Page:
While New Orleans may not be an ideal landing spot from a workload standpoint, Spiller should have a big role in the passing game with Pierre Thomas, Jimmy Graham and Kenny Stills no longer on the roster. He’ll likely take over the role of Thomas, who averaged 11.6 touches in the last two seasons. Thomas finished with a top 30 PPG (PPR) in six of the last seven seasons, so that's a reasonable baseline for Spiller. New Orleans running backs caught 275 passes in the last two seasons, so there are plenty of catches to go around. In short, he has significant PPR upside in this offense, but his workload will be somewhat limited since he'll be part of a committee.
HC Andy Reid called Kelce elite this week at the NFL meetings in Phoenix.
“Absolutely,’’ Reid told reporters. “Tremendously talented. Loves to play the game. He’s like a little kid out there.
“You’d think the natural progression would be more and better and he was pretty good last year.’’
Kelce missed almost all of the 2013 season, which would have been his rookie year, because of an ailing knee. He was better last year, but the Chiefs weren’t quite comfortable giving Kelce a lot of playing time early in the season.
Kelce played 54% of the snaps from Week 1 to Week 10, averaging 3.8 catches for 49 yards and 0.44 TD in that span. He played 86% from Week 11 on, posting 4.7 receptions for 61 yards and 0.14 TD over the final seven games of the season. The rise in fantasy points wasn’t as dramatic since his touchdowns didn’t increase with his playing time, but that should rectify itself in 2015. He was the #4 TE in both standard and PPR formats in the final seven weeks of the season and is likely to go in the top 5 at his position in 2015 fantasy drafts.
"I think it will be a competitive situation," Del Rio said.
Del Rio likes Richardson's potential.
"What I saw when we brought him in and talked to him was a young man that was hungry to kind of leave that portion of his career behind him and start fresh," Del Rio said. "My challenge to him was, 'Look, I don't want you to worry about anything other than coming in here and competing your butt off every day. Come in here and be a great teammate. Come in here and find a role on special teams. Come in here and just grind every day with the hunger you had as a freshman at Alabama.'"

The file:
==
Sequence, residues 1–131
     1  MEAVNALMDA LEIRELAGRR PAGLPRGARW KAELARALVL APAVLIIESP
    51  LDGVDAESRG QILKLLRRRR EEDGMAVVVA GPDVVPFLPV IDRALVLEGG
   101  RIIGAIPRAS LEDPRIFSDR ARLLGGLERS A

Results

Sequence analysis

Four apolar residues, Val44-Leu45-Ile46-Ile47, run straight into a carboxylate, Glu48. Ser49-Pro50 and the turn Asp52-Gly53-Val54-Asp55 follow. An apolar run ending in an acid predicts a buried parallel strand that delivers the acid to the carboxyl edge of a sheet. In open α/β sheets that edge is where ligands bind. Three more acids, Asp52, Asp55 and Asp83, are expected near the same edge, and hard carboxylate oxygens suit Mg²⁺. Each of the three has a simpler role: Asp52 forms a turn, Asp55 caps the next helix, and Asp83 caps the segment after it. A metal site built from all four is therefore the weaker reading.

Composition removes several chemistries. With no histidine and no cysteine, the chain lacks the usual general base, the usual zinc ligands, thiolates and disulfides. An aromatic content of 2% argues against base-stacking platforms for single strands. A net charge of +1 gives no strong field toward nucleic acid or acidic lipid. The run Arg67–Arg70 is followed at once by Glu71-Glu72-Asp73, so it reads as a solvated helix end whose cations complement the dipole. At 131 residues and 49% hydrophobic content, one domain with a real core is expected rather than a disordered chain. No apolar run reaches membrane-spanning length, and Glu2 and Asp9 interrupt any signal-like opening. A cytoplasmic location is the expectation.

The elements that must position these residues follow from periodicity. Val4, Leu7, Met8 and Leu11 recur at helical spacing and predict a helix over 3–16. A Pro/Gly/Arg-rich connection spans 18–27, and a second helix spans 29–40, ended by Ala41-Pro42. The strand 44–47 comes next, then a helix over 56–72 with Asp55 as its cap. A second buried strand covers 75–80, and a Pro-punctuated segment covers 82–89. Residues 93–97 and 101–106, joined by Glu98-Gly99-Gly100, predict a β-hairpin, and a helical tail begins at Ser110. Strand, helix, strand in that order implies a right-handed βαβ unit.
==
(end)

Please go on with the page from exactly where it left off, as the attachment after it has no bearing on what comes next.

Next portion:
We fully expect Murray to win the job, though it is concerning that the Raiders aggressively pursued DeMarco Murray. It indicates that they aren't fully ready to move forward with Latavius Murray, even though he rushed 82 times for 424 yards (a 5.2 YPC) and two touchdowns, including an incredible four-carry, 112-yard, two-TD performance against the Chiefs in Week 12. He still averaged a solid (if unspectacular) 4.0 YPC when that game is excluded. With good size (6'2", 223 lbs) and great speed (4.38 40-yard dash), Murray has all the physical tools to succeed at the position. He even showed solid hands with 17 receptions on 23 targets. We don't see Richardson as much of a threat, but teams have force-fed him before. Roy Helu is also in the mix, so if the Raiders don't commit to Murray, this could devolve into an ugly committee.